Town of OV won't cut workers - The Explorer: Pima Pinal

Town of OV won't cut workers

Council commits $584K from reserves to save 16.25 FTEs.

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Posted: Tuesday, May 26, 2009 11:00 pm | Updated: 1:29 pm, Mon Apr 18, 2011.

Town of Oro Valley employees won't be losing their jobs in the fiscal year that begins July 1, a divided town council decided at a special meeting Wednesday night.

By a 4-3 margin, the governing board decided to pull $584,000 from two reserve funds to protect 16.25 full-time equivalent positions that had been considered for elimination. Another 8.86 jobs now vacant shall remain empty, the council decided.

Mayor Paul Loomis made the motion, and presented the case to pull $380,000 from Oro Valley's $13.5 million general fund reserve, and another $204,000 from its $4.3 million highway fund reserve, to keep the 16.25 positions within various departments. Review of the revenue and employee situation shall take place in six months, the council agreed.

Loomis was joined by council members Al Kunisch, Kenneth "K.C." Carter and Paula Abbott in voting for the motion. Council members Salette Latas, Barry Gillaspie and Bill Garner voted against it.

When the decision was made, the audience of town employees and others clapped its approval.

"We retained the help by taking money out of savings when we need it," Carter said after the meeting. "This was a major thing tonight. These people have been sitting out here for two months now."

With the vote, the council decided not to discuss other agenda items Wednesday, among them proposals to reorganize the town's development services offerings, and to look at revenue enhancements. A hiring freeze remains in place.

After a lengthy meeting last week, the council moved briskly Wednesday to reach its decision.

Before the vote, Latas asked if Oro Valley would be changing, or suspending, its policy against using contingency funds for recurring expenses. "It would be suspending policy," Loomis replied.

"Does the motion address the fact we have no building permits coming in right now?" asked Gillaspie, concerned about shrunken revenue derived from construction activity.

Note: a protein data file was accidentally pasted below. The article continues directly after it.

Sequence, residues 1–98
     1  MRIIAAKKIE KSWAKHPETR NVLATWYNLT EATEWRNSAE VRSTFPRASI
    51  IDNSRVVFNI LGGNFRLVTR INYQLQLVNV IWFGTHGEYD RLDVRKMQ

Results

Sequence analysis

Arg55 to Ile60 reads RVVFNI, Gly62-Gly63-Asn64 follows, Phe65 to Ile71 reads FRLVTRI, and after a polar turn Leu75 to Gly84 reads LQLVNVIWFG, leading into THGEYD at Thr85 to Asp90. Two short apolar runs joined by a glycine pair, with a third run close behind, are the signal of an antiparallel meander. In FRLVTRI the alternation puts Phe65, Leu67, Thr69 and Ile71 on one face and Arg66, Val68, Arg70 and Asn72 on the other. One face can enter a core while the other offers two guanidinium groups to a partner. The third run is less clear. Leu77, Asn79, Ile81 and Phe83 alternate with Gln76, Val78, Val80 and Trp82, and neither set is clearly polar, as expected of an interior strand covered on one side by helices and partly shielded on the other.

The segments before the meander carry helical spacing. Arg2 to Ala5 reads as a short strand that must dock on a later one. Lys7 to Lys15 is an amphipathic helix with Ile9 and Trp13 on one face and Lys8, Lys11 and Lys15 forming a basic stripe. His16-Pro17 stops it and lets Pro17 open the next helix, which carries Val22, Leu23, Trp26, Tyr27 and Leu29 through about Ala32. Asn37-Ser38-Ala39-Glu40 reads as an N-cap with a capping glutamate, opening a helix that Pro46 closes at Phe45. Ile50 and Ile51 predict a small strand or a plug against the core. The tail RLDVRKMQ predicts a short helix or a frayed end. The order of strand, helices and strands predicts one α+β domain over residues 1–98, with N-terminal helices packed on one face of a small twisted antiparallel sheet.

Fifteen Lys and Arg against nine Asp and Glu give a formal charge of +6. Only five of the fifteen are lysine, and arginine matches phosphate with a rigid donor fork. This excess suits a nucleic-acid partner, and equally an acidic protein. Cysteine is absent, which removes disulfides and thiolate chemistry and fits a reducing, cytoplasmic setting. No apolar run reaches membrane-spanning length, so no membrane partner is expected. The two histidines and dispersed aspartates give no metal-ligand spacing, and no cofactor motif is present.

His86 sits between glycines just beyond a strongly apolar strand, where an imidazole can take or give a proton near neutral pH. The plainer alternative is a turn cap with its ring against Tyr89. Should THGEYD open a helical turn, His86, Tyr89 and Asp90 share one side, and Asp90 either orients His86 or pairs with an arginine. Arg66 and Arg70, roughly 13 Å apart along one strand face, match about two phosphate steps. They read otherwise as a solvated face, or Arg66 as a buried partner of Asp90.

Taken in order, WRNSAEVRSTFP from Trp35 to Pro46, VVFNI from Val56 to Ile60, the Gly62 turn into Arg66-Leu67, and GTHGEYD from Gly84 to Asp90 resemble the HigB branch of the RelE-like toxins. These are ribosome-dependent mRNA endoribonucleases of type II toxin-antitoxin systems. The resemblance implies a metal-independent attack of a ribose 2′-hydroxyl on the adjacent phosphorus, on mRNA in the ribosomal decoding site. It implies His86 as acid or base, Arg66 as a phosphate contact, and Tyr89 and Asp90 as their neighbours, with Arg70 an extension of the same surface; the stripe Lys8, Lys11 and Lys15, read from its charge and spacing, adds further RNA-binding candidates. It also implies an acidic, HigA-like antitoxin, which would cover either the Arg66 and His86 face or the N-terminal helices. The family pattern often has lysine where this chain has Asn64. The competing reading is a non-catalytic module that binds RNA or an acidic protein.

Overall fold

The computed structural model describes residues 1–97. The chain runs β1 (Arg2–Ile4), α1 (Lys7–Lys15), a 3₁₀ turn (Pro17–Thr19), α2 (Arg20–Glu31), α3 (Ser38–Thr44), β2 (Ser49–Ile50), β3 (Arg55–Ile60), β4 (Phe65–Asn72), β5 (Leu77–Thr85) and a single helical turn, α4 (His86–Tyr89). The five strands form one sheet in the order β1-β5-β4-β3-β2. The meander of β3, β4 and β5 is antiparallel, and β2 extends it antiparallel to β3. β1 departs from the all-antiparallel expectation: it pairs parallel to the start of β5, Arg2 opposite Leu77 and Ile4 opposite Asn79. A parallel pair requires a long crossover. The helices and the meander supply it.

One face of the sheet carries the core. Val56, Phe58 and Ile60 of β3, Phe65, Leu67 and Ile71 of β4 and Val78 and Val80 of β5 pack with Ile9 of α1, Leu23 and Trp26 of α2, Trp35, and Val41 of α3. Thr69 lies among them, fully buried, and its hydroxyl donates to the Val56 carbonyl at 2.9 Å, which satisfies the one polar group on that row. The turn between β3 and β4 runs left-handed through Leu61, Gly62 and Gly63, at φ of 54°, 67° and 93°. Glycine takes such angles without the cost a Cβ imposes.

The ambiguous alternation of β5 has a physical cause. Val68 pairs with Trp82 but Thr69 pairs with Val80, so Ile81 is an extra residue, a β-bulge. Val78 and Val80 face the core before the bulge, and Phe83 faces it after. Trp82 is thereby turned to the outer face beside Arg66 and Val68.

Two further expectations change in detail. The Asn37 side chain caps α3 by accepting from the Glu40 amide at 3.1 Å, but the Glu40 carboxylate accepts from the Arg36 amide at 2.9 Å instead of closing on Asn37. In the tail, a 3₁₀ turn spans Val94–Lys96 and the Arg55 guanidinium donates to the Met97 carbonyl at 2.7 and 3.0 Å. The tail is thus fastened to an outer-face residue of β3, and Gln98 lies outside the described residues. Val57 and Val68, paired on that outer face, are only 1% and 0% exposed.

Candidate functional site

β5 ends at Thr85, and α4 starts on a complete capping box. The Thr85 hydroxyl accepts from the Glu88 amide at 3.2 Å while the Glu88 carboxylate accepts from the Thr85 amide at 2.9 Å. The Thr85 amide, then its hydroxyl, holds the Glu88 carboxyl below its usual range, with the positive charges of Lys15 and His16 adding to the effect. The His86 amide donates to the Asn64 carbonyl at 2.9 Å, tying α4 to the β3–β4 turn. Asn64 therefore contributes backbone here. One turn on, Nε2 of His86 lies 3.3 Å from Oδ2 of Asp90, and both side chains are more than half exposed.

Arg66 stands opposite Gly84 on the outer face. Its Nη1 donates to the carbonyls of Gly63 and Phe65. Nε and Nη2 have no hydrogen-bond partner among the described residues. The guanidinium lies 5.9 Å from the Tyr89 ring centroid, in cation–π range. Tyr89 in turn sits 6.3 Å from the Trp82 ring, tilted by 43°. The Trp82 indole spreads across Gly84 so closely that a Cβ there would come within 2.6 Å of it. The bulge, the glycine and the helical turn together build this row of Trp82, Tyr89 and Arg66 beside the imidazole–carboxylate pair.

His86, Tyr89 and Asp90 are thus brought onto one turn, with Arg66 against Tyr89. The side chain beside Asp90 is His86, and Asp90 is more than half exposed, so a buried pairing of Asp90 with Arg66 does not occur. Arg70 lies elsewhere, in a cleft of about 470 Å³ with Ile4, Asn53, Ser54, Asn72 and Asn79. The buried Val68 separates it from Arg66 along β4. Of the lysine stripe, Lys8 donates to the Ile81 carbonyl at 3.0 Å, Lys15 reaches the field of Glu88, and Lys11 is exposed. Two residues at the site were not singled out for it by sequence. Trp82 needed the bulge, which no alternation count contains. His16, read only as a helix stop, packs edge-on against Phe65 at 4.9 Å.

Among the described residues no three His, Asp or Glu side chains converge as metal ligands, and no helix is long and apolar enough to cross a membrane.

"We've got a lot of employees that really have no work," Garner said. He objected to spending money for workers who "might be sitting at a computer, doing nothing," and was critical of Loomis for not moving a plan through Town Manager David Andrews.

"I don't think it's well thought-out," Gillaspie said. Given the economic slowdown and the unpredictability of state funding, "we have no long-term sustainability in terms of revenue for this town. You have no plan, and you're asking us to do something I think is unwise, not that I don’t want to save those jobs."

Latas agreed, calling the proposal "financially irresponsible." She expressed concern the state would impose a moratorium on municipal collection of construction impact fees, which would be "ominous toward our future budget. … This is a really unsustainable position to put our town and our taxpayers in."

"We've been working from Day 1 to try to save jobs," Loomis said. "This is an opportunity to do so without having to get into salary reductions, furloughs" and other measures, "and still have opportunities to talk about how these positions may be used."

"I think every person we can save is a plus," Kunisch said.

Abbott made the suggestion to re-evaluate the situation in six months.

"This is a one-time thing, and it's OK for contingency purposes," Abbott said. "I would not suggest us doing this year after year. This buys us a little time. I value our employees, and want to make every effort to keep those people employed."

"We've worked very hard to bring the amount of money taken from the contingency fund to a reasonable figure," Loomis said. "From my point of view, the reasonable figure was a half-million dollars."

Carter approved of an evaluation of work load down the road. "If nothing's there," Andrews should "bring it to us, and we do what we’ve got to do."

By policy, the town must keep the equivalent of 25 percent of its general fund budget in reserve, Loomis said. The current $13.5 million reserve represents 47.6 percent of this year's spending plan, he noted.

"Basically, we're looking at attrition … trying to hold us through next year," when budgeting may be "as difficult or more difficult" than this year's deliberations, Loomis said.

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